Apple on Wednesday announced its upcoming Worldwide Developers Conference, which is expected to play host to our first look at iOS 7 and OS X 10.9. With the announcement came the unveiling of a brand new logo, and, in typical Apple fan fashion, we've taken a closer look at the logo and its design to speculate over possible clues hidden within it.
Apple is known for its cryptic event invitations, in which the company has previously hidden hints about what to expect during big keynotes. Last year, Apple launched its Retina MacBook Pro at its WWDC keynote, and also showed off iOS 6 and OS X Mountain Lion previews, so Apple watchers are eagerly anticipating this year's event to find out what's in store next.
We won't find out for sure until the event kicks off on 10 June, although Apple has confirmed that we'll be treated to an "in-depth" look at the future of iOS and OS X, but for now, we can puzzle over the WWDC 2013 logo in an attempt to uncover some clues.
Apple's WWDC 2013 logo design differs quite dramatically from previous years. First up, Apple has ditched the Apple logo, which featured in the logos for its previous two WWDC events. Additionally, Apple has used a new typeface, which looks cleaner and more modern than the Myriad font used by the company in the past.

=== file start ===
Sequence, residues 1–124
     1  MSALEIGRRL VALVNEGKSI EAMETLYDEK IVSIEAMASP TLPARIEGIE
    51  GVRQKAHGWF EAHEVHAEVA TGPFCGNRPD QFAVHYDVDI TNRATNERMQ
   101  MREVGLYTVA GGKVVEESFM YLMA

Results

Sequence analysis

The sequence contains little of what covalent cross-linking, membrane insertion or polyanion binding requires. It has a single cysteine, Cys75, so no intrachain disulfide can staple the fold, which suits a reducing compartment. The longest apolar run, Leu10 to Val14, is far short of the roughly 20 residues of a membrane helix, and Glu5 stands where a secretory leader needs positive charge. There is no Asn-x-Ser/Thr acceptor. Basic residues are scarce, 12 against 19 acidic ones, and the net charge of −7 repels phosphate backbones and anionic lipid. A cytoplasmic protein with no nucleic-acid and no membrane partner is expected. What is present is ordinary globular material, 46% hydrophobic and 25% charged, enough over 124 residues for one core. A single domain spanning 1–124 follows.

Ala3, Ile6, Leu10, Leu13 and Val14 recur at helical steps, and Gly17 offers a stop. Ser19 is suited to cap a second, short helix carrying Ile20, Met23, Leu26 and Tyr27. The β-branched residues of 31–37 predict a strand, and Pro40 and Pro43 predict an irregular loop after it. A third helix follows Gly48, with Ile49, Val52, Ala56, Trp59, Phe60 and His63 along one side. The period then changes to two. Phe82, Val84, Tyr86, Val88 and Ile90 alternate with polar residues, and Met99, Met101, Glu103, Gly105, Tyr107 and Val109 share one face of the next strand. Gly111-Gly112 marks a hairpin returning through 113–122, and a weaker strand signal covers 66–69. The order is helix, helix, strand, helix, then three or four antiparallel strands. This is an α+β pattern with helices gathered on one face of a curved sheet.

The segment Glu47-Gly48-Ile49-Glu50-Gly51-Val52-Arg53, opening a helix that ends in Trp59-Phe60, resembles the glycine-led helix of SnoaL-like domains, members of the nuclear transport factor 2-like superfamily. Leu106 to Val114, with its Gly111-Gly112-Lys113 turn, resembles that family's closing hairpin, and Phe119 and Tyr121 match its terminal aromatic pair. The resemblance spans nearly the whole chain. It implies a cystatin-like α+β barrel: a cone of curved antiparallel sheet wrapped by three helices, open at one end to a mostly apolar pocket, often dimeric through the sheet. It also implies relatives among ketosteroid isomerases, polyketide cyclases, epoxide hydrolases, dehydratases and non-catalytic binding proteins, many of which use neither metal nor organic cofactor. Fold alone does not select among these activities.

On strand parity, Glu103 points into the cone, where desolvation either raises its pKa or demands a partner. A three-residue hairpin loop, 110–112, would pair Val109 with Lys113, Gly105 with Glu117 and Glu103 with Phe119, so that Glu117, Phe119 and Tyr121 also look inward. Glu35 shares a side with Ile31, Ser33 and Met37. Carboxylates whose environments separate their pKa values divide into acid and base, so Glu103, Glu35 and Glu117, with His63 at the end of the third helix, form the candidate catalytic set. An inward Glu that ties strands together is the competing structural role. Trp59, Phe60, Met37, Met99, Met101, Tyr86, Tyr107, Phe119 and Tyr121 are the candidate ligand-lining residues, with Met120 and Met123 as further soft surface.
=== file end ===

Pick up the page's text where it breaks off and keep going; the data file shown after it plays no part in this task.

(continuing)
It's been suggested that this new typeface signals the start of a "flatter design" for iOS and OS X, which is expected to be introduced under the leadership of Apple design guru Jony Ive. Ive took on software design responsibilities, in addition to his roll as head of hardware design, following an executive shakeup at Apple in October. It's thought that Ive intends to remove skeuomorphic design aspects from Apple's operating systems in favour of a more minimalist look.
Above: 2012's WWDC logo
This year, Apple has gone for Roman numerals to detail the date (MMXIII is the roman numeral for 2013). It's an unusual move for the company, and does remind us of Samsung's use of roman numerals for its Samsung Galaxy S smartphones.
The Roman numerals are depicted as a sort of reflection of WWDC, which some here in the Macworld UK office have suggested could relate to similarities between iOS and OS X, or perhaps improved AirPlay mirroring functionality.
Several of our Twitter followers think that the Roman numerals could hint at an iWatch, which has been circling the rumour mills for a while now, following reports that Apple has a team of 100 designers working on such device. SEE: iWatch release date, rumours and leaked images
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